In the future, plants, water and rocks will all become disco shades of cyan, day-glow yellow and hot pink. We’ll wear these colors all together, all the time, and forget black and white. At least, that would be the case if the artwork of Richard Lytle, painter and teacher, was any sign of the planet’s evolutionary path.
Though Lytle’s current exhibit at the Gallery at the Whitney is entitled “That Commitment to Discovery,” the artwork itself seems to indicate few clear links to evolution or scientific exploration. Lytle’s large oil paintings and watercolors feature close-ups of flowers such as orchids and lilies. The blossoms are rendered with a clear attention to clean lines and forms, a style that perhaps marks close scientific observation. The apparent connection to scientific discovery, however, ends there.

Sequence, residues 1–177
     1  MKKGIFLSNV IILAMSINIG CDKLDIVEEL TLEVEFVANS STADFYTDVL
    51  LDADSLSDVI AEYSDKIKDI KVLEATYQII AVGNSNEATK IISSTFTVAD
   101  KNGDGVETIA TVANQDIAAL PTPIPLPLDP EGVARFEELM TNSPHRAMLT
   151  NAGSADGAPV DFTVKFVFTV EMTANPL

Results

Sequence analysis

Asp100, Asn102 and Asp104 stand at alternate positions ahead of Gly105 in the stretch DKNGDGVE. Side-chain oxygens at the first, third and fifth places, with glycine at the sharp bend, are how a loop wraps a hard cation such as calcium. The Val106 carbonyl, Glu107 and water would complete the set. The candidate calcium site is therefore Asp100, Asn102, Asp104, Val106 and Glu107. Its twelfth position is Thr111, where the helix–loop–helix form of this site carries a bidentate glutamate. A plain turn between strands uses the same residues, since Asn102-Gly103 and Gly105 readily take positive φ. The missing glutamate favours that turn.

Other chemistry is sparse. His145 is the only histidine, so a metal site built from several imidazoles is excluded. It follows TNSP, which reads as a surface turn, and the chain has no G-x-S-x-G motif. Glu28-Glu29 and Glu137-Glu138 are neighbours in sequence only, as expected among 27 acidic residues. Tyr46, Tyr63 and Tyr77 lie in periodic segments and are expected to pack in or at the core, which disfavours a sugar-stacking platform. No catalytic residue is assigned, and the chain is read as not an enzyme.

The artist’s interest in color and fantasy dominates the exhibition. Though the flowers are painted with detail, and at close range, they are often accompanied by the vague indication of a body of water, or the hint of mountainous forms in the distance. Livid green, magenta and bright orange are juxtaposed, almost banishing subtler, neutral shades. The combined effect can seem like a dream, sci-fi or just kitsch.
The exhibition also features charcoal drawings, depicting trees and other plants, as well as a few nudes. Without the vivid colors, Lytle’s mastery of line, and his experimental composition, grows more apparent, particularly in his nudes.
“That Commitment to Discovery” is on display at the Gallery at the Whitney until June 15.